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FairTradeCertifiedCoffee

I forget sometimes how important buying fair trade is. I don’t want small children working, picking my cocoa beans to survive, and possibly being abused at the same time. I want kids to be kids, to play, laugh and just be. I want a responsible world where people who have the power to make a huge difference do just that. We have the power to, in astronomical numbers, change how companies operate in this world. We can support fair trade products and if they don’t carry them in your local store, ask them to. We live in a world where distributors can get you anything you’d like. It is not much more money to buy fair trade.  I would rather pay more and buy fair trade chocolate than to pay a cheaper price to support a company that allows families to not receive a fair wage (i.e. – contributing to the poverty of cocoa farmers) and where children have to work for a living instead of just living.

You can take a minute to take action by sending a letter through Green America to Todd Stitzer, CEO of Cadbury, http://www.greenamericatoday.org/takeaction/cadbury/.  Here is a bit from Green America about what is going on with Todd and Cadbury.

England’s leading chocolate bar, Cadbury Dairy Milk, has announced plans to begin using Fair Trade cocoa in summer 2009. The significance of this fantastic news is that Cadbury is the first major chocolate brand to go Fair Trade with one of its main product lines, one of the goals Green America has been striving towards. Cadbury’s announcement proves what Green America has been saying for years: it is viable for a major chocolate bar to go Fair Trade without passing a significant cost increase to consumers. Congratulations on this important victory to all of you who have taken action by buying a Fair Trade Certified™ chocolate bar or writing a letter to bring us to this moment!

The deal, which will bring the Fair Trade label to 15% of the chocolate sold in England, is welcomed by Green America and our allies on both sides of the Atlantic. Increasing the amount of chocolate sold on the Fair Trade market is an important step to improve the lives of farmers around the world.

That doesn’t mean that Cadbury is now a model of sustainability. Here in the US, Cadbury’s chocolates are not Fair Trade Certified™.

Learn more about Cadbury from Green America’s Responsible Shopper.

By contrast, Green Business Network™ members in the confectionery industry like Sweet Earth Chocolates, Equal Exchange, Alter Eco, and Divine have been pioneering Fair Trade and sustainable practices for decades, and are 100% Fair Trade.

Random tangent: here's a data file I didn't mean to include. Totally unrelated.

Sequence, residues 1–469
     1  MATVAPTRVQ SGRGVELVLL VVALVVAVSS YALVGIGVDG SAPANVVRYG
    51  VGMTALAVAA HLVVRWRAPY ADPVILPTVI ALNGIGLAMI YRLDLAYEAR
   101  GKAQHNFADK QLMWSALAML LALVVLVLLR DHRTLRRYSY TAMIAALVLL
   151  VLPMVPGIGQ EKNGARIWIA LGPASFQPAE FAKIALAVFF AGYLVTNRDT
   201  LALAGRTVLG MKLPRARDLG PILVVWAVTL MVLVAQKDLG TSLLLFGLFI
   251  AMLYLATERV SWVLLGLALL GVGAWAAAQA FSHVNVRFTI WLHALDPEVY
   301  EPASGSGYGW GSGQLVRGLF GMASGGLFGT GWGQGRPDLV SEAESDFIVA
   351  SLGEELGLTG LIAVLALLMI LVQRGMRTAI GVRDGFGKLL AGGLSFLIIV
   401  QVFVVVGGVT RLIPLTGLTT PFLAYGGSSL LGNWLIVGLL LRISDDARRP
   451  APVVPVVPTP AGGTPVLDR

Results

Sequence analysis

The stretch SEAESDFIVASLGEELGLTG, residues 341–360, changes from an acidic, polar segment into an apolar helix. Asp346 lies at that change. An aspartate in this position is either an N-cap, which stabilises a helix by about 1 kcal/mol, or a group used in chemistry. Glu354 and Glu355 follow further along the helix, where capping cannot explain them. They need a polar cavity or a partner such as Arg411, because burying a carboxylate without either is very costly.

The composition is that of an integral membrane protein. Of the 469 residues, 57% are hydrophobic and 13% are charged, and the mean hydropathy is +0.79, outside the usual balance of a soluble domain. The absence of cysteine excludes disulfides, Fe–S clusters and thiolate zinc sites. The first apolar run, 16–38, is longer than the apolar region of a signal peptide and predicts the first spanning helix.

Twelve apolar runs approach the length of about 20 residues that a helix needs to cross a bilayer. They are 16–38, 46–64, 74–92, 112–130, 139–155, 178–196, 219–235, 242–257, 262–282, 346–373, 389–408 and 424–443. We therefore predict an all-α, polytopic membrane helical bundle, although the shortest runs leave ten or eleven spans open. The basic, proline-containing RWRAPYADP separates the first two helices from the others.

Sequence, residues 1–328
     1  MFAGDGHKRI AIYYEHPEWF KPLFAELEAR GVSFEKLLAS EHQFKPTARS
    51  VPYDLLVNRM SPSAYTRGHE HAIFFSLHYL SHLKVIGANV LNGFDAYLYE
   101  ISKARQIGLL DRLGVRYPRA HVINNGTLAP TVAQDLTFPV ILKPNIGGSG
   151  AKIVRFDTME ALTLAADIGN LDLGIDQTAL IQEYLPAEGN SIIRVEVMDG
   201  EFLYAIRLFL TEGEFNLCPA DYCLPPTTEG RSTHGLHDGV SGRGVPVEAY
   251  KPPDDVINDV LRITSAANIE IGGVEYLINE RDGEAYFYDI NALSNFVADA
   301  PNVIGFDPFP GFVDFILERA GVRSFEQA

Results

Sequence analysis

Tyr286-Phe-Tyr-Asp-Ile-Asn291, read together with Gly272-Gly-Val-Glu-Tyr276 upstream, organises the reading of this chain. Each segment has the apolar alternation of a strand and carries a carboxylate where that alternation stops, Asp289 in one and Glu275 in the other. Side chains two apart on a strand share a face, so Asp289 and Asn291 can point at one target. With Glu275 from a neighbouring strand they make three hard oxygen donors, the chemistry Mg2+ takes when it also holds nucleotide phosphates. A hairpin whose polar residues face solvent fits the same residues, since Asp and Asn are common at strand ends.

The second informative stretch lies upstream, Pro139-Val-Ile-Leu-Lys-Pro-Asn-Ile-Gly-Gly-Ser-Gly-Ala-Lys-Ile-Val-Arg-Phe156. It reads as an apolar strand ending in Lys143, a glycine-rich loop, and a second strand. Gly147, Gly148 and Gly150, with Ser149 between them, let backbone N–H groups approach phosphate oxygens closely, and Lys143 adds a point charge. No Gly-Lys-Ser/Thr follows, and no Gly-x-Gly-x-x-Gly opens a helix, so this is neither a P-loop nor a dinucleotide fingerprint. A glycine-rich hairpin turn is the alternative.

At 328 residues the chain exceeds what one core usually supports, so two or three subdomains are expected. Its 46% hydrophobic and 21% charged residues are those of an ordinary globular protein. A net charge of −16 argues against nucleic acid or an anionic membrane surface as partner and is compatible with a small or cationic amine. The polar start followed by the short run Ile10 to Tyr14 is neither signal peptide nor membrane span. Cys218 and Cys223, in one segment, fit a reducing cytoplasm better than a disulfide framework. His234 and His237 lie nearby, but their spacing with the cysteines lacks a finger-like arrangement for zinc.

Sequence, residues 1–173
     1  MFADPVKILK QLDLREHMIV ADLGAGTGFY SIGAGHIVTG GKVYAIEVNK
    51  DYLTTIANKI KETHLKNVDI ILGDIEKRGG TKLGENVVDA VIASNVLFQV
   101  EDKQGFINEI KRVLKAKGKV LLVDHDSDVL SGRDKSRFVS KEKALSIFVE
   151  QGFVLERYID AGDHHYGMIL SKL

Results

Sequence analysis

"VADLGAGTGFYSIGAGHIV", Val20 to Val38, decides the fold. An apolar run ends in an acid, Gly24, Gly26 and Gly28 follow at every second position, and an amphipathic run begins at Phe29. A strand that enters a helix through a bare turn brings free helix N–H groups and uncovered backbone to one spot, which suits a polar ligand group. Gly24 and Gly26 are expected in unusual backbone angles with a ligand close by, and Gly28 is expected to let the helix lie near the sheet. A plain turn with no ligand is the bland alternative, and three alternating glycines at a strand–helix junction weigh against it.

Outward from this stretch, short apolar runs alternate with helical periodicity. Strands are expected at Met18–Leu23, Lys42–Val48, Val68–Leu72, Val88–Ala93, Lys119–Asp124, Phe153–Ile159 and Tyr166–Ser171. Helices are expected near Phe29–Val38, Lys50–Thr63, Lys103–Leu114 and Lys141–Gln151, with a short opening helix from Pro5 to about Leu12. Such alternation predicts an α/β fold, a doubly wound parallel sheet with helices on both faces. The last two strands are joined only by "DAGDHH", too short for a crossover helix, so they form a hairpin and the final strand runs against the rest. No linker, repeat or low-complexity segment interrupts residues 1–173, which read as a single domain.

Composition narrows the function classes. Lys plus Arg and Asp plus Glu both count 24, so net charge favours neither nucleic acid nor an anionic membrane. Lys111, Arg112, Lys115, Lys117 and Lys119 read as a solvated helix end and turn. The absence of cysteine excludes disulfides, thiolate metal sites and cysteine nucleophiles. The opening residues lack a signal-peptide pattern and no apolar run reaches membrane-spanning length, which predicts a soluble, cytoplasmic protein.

As we all know, it is critical to write companies to pressure them to improve their performance on human rights and the environment. But it is just as important to thank companies when they make a change for the better, so that company executives can bring an outpouring of positive feedback to their boards, shareholders, and employees to sustain their new, responsible practices and promote more change.

Please join Green America and Fair Trade advocacy organizations around the world in generating as many letters as possible to:

* congratulate Cadbury on the Fair Trade certification of their Dairy Milk bar in the UK

* ask Cadbury, Hershey (Cadbury’s US manufacturer) and Green and Black’s Organic (owned by Cadbury) to expand their commitment to Fair Trade in the United States by introducing more Fair Trade Certified products.

Then, commit to seeking out Fair Trade chocolate for special occasions, such as Easter eggs from Green Business leaders like Sweet Earth Organic and Divine Chocolate, instead of buying Cadbury’s Crème Egg.

Here is the form letter below. You may alter it to say what you want as well. This is the link where you are able to send and alter said letter.

Subject: Thank you for your fair trade commitment!

Dear Todd Stitzer, CEO, Cadbury:

As a conscious consumer and as a member of Green America, I would like to congratulate Cadbury on your plans to earn Fair Trade certification for the Dairy Milk bar in the United Kingdom. Thanks to your company for taking the leadership role among major chocolate brands in earning Fair Trade certification for an iconic chocolate bar with wide distribution and broad public recognition.

Through your leadership, Cadbury will transform the lives of cocoa farmers and their families, while contributing to a higher standard for ethical sourcing among major chocolate brands. Grassroots activists have been pressing major chocolate brands for years to become Fair Trade Certified. I regularly purchase chocolate from companies that offer Fair Trade Certified products in the United States because with each pound of Fair Trade cocoa purchased a fair deal is made with small-scale farmers in Ghana and other cocoa-producing countries. I am appalled at the existence of abusive child labor on cocoa farms in West Africa and do not want to buy chocolate picked by one of the hundreds of thousands of children working under “the worst forms of child labor,” as the US State Department reported. I choose to support companies that source Fair Trade because I believe that farmers should earn a price for their cocoa that allows them to meet their basic needs and have the right to participate in democratic organizations to decide the use of community development funds. Cadbury’s Fair Trade certification is a significant leap forward in resolving these issues and is a landmark for corporate social responsibility.

I look forward to the day that I will be able to buy Fair Trade Certified products from Cadbury in the United States. I am pleased that Cadbury Green and Black’s Organic has one Fair Trade bar and I encourage Cadbury to work with Hershey as your US licensee to extend Fair Trade certification to your entire range of Cadbury and Green & Black’s products.